Arts & Culture

Posh spice

Book review

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Chances are that you're not in the mood for a dinner of lampreys, eel-like creatures that include numerous species that use their odd, vacuum-hose mouths to suck the blood of other fish. Or that you would fancy boar's head half gilded with gold leaf and half painted with parsley sauce, breathing fire from a camphor-soaked wick. Or a "hedgehog," ground meat stuffed into a sheep's stomach and stuck with almonds down the back. Or roast peacock, so prestigious its meat is "incorruptible," or partridge, good only for the finer folk and possibly harmful to the lower classes. Well, you might like the partridge -- game is hard to find these days, and chicken tastes like nothing. But it wouldn't come simply done to a turn (a phrase that comes from spit-roasting over a hearth, the medieval method). Like most everything else a burgher or noble would serve, it would be drenched in a sauce so heavily spiced you would have to work hard to choke down a bite without coughing.

These days the only people likely to attempt any of these dishes would be medievalists staging a pageant, or as an exercise to illustrate how far we have traveled from deeply disguised food freighted with ground spices toward strictly fresh, lightly herbed food that tastes only of itself. It's always easy to criticize the tastes of the past, and to revel in current enlightenment. Conversely, it's tempting to reconsider archaic diets to point out that maybe we could learn a thing or two about eating better today.

Paul Freedman sets out to do neither in Out of the East, his absorbing new history, in which he uses food to get and keep our attention. The story of spices comprises exploration of the known and unknown worlds, economic and social history, and visions of paradise. Indeed, paradise was thought to be where spices came from, which likely explains their mystical hold on all levels of society. The swashbuckling story spans thousands of years and can easily fill a lavishly illustrated popular history like Jack Turner's Spice: The History of a Temptation or a chronicle of navigation and adventure like John Keay's The Spice Route.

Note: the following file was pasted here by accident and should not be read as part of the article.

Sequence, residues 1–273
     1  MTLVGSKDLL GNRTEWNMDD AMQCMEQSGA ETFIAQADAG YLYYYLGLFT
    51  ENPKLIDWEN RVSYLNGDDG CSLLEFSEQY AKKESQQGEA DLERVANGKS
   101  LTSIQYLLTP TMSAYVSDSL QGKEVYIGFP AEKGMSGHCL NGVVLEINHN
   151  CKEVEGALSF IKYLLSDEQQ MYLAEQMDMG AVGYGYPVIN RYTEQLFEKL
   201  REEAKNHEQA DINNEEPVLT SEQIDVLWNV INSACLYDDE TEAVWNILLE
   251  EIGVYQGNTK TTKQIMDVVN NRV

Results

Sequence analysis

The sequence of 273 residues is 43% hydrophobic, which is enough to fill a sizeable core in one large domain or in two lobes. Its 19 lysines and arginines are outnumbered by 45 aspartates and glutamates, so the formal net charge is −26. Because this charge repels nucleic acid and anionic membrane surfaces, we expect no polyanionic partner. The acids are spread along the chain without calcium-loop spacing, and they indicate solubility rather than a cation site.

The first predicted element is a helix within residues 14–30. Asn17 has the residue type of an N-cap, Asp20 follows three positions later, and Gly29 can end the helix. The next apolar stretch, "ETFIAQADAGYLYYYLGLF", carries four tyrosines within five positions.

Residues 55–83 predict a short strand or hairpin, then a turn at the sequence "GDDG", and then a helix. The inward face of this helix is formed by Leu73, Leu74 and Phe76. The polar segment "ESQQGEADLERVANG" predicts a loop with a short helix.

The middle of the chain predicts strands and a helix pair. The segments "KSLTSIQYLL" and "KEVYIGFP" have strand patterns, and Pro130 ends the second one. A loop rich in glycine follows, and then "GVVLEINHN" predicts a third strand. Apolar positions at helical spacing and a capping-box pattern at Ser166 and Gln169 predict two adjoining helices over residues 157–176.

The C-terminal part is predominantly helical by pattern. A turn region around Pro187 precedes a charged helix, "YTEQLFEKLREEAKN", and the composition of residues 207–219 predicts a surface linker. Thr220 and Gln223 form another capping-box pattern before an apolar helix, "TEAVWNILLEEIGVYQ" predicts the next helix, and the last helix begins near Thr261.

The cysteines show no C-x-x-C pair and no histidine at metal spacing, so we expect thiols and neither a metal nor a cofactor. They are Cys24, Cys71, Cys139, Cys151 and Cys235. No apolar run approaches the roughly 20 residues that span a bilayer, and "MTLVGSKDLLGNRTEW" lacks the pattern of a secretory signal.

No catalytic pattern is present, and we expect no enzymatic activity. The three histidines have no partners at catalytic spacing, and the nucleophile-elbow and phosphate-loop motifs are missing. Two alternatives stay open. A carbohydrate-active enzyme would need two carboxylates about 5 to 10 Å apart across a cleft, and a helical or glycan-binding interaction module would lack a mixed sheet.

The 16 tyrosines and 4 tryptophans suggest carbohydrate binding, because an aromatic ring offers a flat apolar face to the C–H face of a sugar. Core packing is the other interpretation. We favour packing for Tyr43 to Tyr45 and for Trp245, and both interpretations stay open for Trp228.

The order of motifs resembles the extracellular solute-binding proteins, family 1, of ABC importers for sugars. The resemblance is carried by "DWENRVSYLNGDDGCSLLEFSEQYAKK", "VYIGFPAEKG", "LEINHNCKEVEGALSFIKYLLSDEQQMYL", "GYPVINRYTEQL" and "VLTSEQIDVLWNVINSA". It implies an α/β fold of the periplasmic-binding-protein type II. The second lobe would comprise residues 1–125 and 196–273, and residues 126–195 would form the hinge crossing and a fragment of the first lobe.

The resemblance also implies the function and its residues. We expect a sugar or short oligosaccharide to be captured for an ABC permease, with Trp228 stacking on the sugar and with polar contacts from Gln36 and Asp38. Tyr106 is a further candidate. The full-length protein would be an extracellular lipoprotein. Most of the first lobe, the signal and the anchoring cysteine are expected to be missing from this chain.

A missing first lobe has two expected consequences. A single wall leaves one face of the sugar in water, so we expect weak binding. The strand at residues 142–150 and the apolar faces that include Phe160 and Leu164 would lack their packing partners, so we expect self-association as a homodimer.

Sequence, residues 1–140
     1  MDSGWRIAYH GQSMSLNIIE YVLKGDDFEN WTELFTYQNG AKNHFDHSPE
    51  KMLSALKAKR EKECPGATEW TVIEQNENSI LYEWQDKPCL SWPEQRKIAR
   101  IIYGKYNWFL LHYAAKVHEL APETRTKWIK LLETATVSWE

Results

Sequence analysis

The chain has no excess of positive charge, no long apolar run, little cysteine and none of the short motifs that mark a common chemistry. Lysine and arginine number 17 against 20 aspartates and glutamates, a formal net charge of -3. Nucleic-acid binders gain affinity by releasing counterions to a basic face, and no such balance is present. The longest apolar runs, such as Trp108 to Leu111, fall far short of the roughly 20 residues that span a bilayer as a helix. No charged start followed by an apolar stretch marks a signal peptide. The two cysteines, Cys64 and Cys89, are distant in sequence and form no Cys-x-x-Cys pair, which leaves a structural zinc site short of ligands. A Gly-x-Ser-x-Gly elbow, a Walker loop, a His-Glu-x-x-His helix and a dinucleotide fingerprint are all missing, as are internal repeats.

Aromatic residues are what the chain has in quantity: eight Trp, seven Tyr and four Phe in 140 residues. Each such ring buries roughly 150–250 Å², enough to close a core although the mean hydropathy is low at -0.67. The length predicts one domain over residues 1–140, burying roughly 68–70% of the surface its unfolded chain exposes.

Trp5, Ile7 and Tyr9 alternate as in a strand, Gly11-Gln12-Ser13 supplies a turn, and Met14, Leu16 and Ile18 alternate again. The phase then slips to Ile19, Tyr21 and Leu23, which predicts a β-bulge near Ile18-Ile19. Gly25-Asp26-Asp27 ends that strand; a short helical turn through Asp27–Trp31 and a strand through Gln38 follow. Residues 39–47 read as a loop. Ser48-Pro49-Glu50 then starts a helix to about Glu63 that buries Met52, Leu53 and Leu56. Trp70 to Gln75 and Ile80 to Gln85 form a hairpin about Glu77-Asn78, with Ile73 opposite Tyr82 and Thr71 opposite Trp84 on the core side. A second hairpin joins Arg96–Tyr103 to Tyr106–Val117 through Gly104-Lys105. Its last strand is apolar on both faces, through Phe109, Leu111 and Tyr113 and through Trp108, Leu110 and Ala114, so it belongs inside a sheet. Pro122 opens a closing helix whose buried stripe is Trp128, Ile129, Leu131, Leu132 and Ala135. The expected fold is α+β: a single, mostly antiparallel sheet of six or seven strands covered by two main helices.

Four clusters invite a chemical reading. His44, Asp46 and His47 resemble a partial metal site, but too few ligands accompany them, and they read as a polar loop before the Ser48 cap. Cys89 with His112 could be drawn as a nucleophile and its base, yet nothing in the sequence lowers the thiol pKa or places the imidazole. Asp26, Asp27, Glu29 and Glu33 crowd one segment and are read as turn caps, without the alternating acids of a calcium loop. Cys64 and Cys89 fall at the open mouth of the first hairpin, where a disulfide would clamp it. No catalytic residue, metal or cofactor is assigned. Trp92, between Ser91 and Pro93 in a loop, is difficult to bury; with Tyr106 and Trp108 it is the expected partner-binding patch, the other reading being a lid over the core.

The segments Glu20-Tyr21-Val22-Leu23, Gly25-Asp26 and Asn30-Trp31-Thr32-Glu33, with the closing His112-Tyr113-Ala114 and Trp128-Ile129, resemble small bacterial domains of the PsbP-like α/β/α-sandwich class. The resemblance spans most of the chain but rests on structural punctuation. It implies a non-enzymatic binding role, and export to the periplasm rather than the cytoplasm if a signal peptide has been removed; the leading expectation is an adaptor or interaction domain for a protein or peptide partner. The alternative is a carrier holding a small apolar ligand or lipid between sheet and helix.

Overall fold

Freedman includes all these topics, with chapters on trade and economics (the fantastic markups spices commanded when they arrived from the East Indies and other points of origin to Venice, and the even higher ones when they reached northern European apothecaries), and politics and exploration (the competition between Spain and Portugal to gain control of the Spice Islands and the New World). But desire for world domination, and simple avarice, interest Freedman less than they do other writers. He is here as much sociologist as historian, taken with class, fashion, and food -- perennially intertwined topics, and the subject of much of the book.

Spices became the precious commodity they did out of a need to display conspicuous consumption to degrees not seen since the Romans, whose influence was of course everywhere apparent in the Middle Ages. Freedman edited Food: The History of Taste, a collection of essays that appeared last fall, and his foodie inclinations are clear. He is most engaged when looking at why people ate what they did. Our pretensions and delusions are subjects Freedman has a very sharp eye for, and he does not overlook the irrational aspects of choices we think are terribly sensible.